Gather a few winegrowers together and ask them about their craft, and you’re likely to hear some thought-provoking answers. Such was the case earlier this month when I moderated a panel discussion on “green” winemaking at the National Museum of Natural History, part of the Smithsonian’s annual “Demystifying Seafood: The Ocean and Its Bounty” event.
Since any good food event requires wine, the museum partnered with the Rhone Rangers, an association of 150 U.S. wineries that grow grapes traditional to the Rhone Valley in France - grenache, syrah, mourvedre and other reds, plus viognier, roussanne, marsanne and grenache blanc among the whites. I moderated a panel discussion and tasting of “green rangers” - Phillip Hart of AmByth Estate in Paso Robles; Pam Harter of Rocca Family Vineyards in Napa; Steve Beckman of Beckman Vineyards, Peter Stolpman of Stolpman Vineyards, and Ken Volk of Kenneth Volk Vineyards in Santa Barbara County.
The discussion focused on sustainable, organic and biodynamic viticulture, three schools of “green” winemaking with sometimes dramatic differences. There were hints of contention: Stolpman and Beckman, who are neighbors in Santa Barbara County’s Ballard Canyon, joked of shared water tables and drifting sprays. But the winegrowers shared an obvious and heart-felt dedication to producing world-class wines in a manner that preserves their small parcel of the Earth.
Here’s some of what they had to say:
“We’re all family owned vineyards, were not corporate,” Stolpman said. “We don’t have to answer to quarterly profits or losses. For me to be a boutique winery operation, there’s no reason not to farm organically. Yes, this year I could have saved money buying Roundup to kill all the weeds, I could go out and poison all the varmints in the vineyard and have an easier time. But the thing about fine wine is there is no cutting corners. I think the use of chemicals is a modern, convenient way to make life easier and more profitable, not to make better wine.”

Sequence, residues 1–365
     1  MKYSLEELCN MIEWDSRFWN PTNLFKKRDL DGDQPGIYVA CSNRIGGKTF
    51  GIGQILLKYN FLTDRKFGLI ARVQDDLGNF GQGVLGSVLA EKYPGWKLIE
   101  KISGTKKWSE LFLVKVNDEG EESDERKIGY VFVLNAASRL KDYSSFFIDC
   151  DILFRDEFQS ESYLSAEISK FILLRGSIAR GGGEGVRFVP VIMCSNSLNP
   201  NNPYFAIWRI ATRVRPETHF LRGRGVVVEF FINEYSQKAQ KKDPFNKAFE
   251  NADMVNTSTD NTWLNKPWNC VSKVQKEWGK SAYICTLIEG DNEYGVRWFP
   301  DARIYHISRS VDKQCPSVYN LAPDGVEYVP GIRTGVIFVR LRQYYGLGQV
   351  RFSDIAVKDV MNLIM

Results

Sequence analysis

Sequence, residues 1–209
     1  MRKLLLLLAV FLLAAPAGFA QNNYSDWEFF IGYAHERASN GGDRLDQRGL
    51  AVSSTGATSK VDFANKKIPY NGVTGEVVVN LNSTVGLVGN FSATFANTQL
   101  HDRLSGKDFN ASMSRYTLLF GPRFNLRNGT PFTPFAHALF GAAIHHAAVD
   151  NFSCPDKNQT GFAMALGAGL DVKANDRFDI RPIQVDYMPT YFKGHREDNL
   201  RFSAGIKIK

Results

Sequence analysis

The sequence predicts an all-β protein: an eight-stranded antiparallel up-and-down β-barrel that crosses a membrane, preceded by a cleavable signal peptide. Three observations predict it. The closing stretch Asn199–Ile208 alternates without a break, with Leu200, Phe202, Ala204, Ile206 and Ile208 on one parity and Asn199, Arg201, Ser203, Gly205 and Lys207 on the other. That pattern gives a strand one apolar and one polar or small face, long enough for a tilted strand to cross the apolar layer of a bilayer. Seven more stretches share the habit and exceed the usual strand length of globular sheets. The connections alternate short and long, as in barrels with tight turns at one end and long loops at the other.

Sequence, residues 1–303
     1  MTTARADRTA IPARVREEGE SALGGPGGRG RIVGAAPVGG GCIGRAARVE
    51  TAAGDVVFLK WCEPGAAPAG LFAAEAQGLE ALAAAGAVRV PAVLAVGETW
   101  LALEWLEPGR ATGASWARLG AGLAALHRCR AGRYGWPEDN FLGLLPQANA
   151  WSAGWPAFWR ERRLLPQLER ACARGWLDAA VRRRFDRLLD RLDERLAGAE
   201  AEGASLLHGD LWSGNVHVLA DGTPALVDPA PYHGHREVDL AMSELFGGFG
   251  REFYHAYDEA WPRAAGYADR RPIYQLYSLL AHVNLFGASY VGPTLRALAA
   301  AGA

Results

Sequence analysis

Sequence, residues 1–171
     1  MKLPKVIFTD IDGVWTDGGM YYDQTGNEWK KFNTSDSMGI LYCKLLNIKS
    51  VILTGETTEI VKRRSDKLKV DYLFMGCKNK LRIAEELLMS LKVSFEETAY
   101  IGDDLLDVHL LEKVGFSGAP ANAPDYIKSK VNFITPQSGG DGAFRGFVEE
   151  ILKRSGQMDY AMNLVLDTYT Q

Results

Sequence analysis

And about those chemicals, Hart, who farms biodynamically and makes “natural” wines (in his case, foot-trodden, fermented with indigenous yeasts, and bottled without added sulfites), had this to say: “If you are a chemical farmer, then you are putting chemicals on your crops, and then we are ingesting them. In our current society we’re starting to realize that may be having some influence on our bodies. If you’re a good farmer or a biodynamic farmer, then those chemicals aren’t going on your crops and they aren’t going inside you. I think that’s pretty vital.”
“Grapes have an ability to absorb what’s around them,” agreed Beckman, who also farms his vineyards according to biodynamic philosophies. “Smoke taint, for instance, which has been a problem in California and Australia. If you look at the list of vegetables and fruits that you should wash thoroughly, grapes are on that list.”
“And with Australian wines, that eucalyptus flavor we like comes from eucalyptus trees that grow around the vineyard,” Hart said. “That’s not direct absorption. It makes you think.”
Rocca Family Vineyards has about 30 acres under vine in Napa County, and pays a minimum of $50,000 a year to maintain organic certification, Pam Harter said. “We do it because we think it’s the right thing for our families, our vines and our wines - it’s not making us money. But when I go out to the a vineyard that’s farmed organically or biodynamically, it feels alive. It’s a totally different feeling in those vineyards.”
Ken Volk is a major proponent of sustainable farming, which incorporates some of the principles of organics and biodynamics without the strictures involved in certification. There are several sustainability programs for wineries, including one developed by The Wine Institute, the California industry association.
“Sustainability is about how to farm your vineyard in a way that future generations can benefit,” Volk said. “It comes down to the ‘three E’s’ - environmentally sound, economically feasible, and socially equitable.”
“Economically feasible” means flexibility to do what’s necessary when trouble hits.
“The reality is there are times when you may be reliant on synthetic chemicals, pesticides, to control things,” he said. “Last year because of the weather we had, there was more acreage coming out of organic certification than any year in the past decade. People were responding to the climate they were faced with.”
(This article was published June 22 in The Washington Post. Also, the subsequent food and wine tasting event included three Virginia wineries that are members of Rhone Rangers: Tarara Vineyards, Veritas Vineyards, and Delaplane Cellars.)
The panel, from left to right: Phil Hart (obscured), Steve Beckman, Peter Stolpman, Pam Harter, Ken Volk and well, some other guy. Photos: Kevin Allen, for the Smithsonian.